Kao The Kangaroo was among the platforming mascots that never set the world on fire when he first debuted on the Sega Dreamcast in late 2000. It followed the hallway-based level design formula that Crash Bandicoot was known for and added the unique twist of allowing players to create their checkpoints. When it was ported exclusively to PC in Poland, the game found some success and managed to sell some 45,000 copies.
Although never quite reaching the stardom of other 3D platforming giants such as the Crash Bandicoot mentioned above or the forthcoming Sly Cooper, the little guy was lucky enough to see two sequels during the sixth generation of home consoles. So although he may be a little late to the party, this ‘roo will soon be joining his outback buddies Crash and Ty when he leaps this generation in summer 2022.
Tate Multimedia has put much love into bringing this character back, and it indeed shows in the above trailer. In a generation filled with lazy ports with ever-so-slightly-upscaled models and textures, it would have been easy to pull a GTA Remastered Trilogy and call it a day, considering the obscurity of this franchise. Instead, the game is a brand new adventure adopting a contemporary aesthetic. While some may be quick to draw comparisons to Toys For Bob’s work on the Crash and Spyro properties, I don’t think the similarities in the presentation are necessarily a bad thing.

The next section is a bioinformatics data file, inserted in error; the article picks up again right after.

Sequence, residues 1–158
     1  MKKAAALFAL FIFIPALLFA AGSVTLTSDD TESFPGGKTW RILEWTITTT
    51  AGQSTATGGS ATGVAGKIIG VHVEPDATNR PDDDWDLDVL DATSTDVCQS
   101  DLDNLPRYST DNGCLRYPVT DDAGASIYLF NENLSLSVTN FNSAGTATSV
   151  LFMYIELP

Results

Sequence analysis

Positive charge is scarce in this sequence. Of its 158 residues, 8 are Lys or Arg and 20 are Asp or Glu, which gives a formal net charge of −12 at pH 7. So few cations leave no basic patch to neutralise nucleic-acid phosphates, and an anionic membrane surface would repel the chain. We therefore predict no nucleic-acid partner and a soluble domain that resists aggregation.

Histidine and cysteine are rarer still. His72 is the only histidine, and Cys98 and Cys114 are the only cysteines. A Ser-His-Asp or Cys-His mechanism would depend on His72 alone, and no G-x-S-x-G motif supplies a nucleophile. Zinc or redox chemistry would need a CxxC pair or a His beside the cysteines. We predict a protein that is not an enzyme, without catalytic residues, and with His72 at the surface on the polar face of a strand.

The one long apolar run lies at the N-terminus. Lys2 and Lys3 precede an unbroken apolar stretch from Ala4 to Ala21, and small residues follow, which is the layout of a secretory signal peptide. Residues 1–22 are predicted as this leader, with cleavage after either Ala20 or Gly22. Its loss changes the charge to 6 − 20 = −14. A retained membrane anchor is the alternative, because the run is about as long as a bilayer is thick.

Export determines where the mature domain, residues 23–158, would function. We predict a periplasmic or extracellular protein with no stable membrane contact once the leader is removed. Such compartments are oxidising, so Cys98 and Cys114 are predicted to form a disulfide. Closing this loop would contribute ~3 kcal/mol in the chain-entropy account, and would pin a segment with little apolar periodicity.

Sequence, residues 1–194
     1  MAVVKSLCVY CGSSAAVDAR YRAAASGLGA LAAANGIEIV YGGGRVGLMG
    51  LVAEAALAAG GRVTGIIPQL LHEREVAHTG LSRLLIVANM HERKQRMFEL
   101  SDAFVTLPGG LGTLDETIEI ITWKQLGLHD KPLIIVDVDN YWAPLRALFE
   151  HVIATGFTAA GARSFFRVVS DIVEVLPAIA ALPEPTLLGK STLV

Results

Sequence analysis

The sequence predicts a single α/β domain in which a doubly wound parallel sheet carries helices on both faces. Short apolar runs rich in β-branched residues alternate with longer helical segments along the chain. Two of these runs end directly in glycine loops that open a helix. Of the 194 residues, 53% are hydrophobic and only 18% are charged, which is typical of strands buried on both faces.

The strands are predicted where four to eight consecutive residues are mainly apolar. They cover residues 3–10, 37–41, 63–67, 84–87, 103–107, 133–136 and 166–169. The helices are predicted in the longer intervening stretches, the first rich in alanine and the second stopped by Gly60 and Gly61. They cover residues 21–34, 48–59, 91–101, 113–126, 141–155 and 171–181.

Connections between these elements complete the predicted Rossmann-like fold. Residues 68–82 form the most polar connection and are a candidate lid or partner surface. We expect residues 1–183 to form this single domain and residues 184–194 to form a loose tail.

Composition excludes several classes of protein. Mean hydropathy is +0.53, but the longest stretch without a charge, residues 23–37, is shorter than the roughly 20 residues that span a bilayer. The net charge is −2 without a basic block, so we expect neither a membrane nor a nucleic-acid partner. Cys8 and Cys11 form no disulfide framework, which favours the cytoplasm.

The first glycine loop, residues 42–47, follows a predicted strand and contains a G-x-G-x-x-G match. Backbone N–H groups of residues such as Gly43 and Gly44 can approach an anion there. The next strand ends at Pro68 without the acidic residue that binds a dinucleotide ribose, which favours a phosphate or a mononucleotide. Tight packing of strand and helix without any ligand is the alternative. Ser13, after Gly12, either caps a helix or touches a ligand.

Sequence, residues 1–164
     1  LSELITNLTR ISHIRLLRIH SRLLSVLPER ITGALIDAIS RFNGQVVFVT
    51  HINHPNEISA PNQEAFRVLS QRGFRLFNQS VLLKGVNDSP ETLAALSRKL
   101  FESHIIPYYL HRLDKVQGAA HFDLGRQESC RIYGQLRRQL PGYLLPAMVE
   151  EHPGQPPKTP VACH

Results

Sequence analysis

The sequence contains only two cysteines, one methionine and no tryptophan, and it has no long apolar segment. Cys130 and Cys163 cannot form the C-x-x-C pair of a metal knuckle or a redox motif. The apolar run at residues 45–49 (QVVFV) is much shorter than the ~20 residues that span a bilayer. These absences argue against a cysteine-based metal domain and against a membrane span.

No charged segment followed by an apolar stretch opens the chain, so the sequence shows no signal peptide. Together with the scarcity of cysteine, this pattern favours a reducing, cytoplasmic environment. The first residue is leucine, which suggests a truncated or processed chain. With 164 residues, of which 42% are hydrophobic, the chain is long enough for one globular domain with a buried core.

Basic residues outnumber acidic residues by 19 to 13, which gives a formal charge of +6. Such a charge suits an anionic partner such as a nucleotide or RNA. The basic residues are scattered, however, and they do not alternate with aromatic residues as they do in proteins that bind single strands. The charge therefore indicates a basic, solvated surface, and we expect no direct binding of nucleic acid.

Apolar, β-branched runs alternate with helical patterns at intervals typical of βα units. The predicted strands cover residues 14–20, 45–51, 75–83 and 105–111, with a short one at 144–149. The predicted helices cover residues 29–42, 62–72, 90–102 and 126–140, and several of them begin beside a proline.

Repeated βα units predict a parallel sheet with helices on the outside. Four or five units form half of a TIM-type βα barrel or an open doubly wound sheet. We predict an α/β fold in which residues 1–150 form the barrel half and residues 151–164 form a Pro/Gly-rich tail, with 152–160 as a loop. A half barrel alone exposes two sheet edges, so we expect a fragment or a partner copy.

How does it play? Fortunately, Tate was kind enough to give us all a brief gameplay demo in celebration of Steam’s NextFest event, which aims to put the spotlight on several upcoming titles. You could download it here until the 2nd of this month, and although the demo was (unfortunately) not available on consoles, that could always change soon.
The demo consists of one level, presumably quite early into the adventure. The level design here is more Kao 2 than the original game in that it’s still quite linear, but there are enough branching paths to explore along the way to keep you engaged. Kao himself handles pretty nicely and has retained his repertoire of punches, rolls, butt stomps, and that all-too-useful tail whip attack. The combat here is a huge step up from Kao 2, even if it’s still simplistic. Perhaps the most significant change is that Kao can now parry enemy projectiles using his tail whip, which proves quite helpful on some monsters close to the end of the demo.
Of course, this wouldn’t be a 3D platformer without some trinkets to track down, and you’ll be seeing plenty along the way. Although their purpose is kept a mystery (for now), you can collect the letters K-A-O to spell out the protagonist’s name from some dark crystals and scrolls dropped by monsters. Unlike The Legend of Zelda, there are even heart pieces to collect that will undoubtedly boost Kao’s vitality later on. In addition, there are these strange fountains that you can take a dip in that theoretically lead to challenge rooms of some sort in the final product.
Although (surprisingly) the Kao series slipped under my radar back in the day, I’m just as excited for this revival as I was for Crash and Spyro after getting a taste of the action. The only thing that didn’t sit well with me in the demo was the voice acting, but I also wasn’t expecting to be blown away by it in the first place. Of course, things could always change between now and Summer 2022, but as it stands, I think we’ve got an (unexpected) winner on our hands.
Kao the Kangaroo is expected to launch on all platforms and PC this summer. It’s also worth noting that it will be receiving a full retail release.